Book Review: The Perfect Bride for Mr Darcy

The Fiction Addiction

The Perfect Bride for Mr. Darcy by Mary Lydon Simonsen is another retelling of the Pride and Prejudice storyline, but this time, all the story’s romantic coincidences are masterminded by a matchmaking Anne de Bourgh and Georgianna.

You guys. Why haven’t I ever thought of that? Anne de Bourgh grew up with Darcy, of course she wants to see her dear cousin get married! In this one, Anne’s decided not to marry for era-appropriate reasons of not dying in childbirth and not the modern reasons of eew gross, they’re first cousins. Either way, her affection for Darcy is not romantic. And we all know Georgie adores her brother and wants to see him happy. Why wouldn’t they do a little matchmaking for him?

In this novel, Simonsen has added a bunch of Darcy and Bingley relations, and they’re so good, I had to check the original to make sure they really were additions. Jane also has a new suitor, in the time Bingley is away, a dull but ambitious lawyer who is obviously a perfect match for Mary. Lady Catherine remains hilarious self-centered, and Mrs Bennet remains fully committed to marrying off her daughters. There are some lovely moments when Caroline Bingley attempts to attract Darcy away from Lizzie, and some hilarious chatter between Georgianna and Anne as they lead Darcy to his match. Louisa isn’t much of a character in the original, but here she’s revealed as a bit of a dim bulb and a social follower, made more cheerful in cheerful company. Obviously, Anne’s scheming leads to the fortuitous meeting at Pemberley, and the whole novel felt like a great visit with the Bennet, Bingley and Darcy families.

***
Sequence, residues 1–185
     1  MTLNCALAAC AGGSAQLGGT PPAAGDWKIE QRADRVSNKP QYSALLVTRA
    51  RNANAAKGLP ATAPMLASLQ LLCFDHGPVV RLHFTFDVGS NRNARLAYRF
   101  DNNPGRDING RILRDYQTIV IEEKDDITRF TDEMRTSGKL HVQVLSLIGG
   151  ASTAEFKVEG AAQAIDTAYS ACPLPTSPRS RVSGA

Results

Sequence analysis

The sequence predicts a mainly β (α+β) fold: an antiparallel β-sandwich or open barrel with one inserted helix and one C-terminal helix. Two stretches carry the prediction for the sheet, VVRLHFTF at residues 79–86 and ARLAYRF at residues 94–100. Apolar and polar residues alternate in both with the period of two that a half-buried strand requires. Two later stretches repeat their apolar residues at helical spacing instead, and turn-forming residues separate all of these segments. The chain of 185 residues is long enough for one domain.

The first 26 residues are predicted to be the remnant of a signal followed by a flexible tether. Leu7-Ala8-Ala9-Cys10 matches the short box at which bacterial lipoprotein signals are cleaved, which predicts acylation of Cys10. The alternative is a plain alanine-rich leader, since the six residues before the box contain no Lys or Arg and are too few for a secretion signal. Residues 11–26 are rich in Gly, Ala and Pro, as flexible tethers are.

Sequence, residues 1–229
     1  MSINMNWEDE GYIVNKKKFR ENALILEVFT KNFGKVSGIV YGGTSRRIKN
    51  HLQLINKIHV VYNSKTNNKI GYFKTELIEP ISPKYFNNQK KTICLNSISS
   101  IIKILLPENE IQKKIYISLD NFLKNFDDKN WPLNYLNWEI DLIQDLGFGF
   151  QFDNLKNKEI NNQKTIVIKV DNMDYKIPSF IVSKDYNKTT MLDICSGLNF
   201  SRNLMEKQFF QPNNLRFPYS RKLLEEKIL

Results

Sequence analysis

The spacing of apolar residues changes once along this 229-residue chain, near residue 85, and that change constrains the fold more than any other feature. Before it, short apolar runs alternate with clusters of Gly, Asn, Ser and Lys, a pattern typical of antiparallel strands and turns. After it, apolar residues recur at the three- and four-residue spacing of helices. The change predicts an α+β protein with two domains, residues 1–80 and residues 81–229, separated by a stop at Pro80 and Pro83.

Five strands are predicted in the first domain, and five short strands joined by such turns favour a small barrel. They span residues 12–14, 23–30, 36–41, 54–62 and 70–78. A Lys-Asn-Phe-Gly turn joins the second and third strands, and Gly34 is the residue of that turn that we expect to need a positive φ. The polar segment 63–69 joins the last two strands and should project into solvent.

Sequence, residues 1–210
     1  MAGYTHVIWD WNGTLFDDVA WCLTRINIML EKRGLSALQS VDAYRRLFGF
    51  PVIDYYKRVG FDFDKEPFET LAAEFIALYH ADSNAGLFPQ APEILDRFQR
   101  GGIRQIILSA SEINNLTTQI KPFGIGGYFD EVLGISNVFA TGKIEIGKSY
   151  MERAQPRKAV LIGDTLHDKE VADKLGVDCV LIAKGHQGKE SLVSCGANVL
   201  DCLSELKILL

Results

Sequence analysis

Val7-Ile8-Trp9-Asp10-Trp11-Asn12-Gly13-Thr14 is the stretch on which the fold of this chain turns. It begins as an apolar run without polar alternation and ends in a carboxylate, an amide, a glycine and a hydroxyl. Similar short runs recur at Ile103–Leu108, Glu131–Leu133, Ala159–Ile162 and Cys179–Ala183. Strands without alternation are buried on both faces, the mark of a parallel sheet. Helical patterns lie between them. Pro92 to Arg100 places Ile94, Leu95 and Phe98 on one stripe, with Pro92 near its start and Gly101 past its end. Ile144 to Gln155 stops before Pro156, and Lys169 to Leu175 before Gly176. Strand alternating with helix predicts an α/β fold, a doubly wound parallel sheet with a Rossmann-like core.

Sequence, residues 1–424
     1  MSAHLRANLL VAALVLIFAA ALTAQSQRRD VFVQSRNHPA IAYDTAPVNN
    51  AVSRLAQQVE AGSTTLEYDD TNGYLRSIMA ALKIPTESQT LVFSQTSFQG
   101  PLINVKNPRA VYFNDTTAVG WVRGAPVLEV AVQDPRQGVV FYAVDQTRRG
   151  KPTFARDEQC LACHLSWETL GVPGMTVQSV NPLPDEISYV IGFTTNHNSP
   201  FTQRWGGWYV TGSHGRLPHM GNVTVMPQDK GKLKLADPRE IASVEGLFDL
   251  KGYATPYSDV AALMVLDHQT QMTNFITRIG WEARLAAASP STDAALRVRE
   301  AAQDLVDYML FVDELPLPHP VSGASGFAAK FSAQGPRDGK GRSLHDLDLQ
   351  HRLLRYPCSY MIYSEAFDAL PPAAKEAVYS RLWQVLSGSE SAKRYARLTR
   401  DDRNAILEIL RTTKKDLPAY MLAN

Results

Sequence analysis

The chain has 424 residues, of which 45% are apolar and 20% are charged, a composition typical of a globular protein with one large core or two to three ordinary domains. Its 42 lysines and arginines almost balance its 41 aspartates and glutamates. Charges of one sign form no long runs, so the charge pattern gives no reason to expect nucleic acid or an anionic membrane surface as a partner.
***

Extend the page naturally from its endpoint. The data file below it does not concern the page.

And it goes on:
Pretty much the only flaw in this was the modern morality in the resolution of the Lydia/Wickham storyline. Instead of a forced marriage to redeem the Bennet’s reputation after Lydia is ruined by running off with Wickham, in this version Lydia has adamantly refused to bone Wickham. She’s found in a boardinghouse, where the landlady reports that two people checked in as man and wife, and spent several nights alone together, but were overheard arguing so much they couldn’t have been banging. This is a terribly Lydia-ish situation, but I don’t know if that boardinghouse hearsay could have redeemed Lydia’s reputation. Lydia is determined to marry Wickham, and again, it’s Darcy’s money that prods the reluctant groom to the altar.

The Perfect Bride for Mr. Darcy is the perfect novel for fans of Mr Darcy. Readers of this novel might also enjoy Curtis Sittenfeld’s Eligible, The Other Bennet Sister, Pride and Prejudice and Passports or other Pride and Prejudice reinventions.

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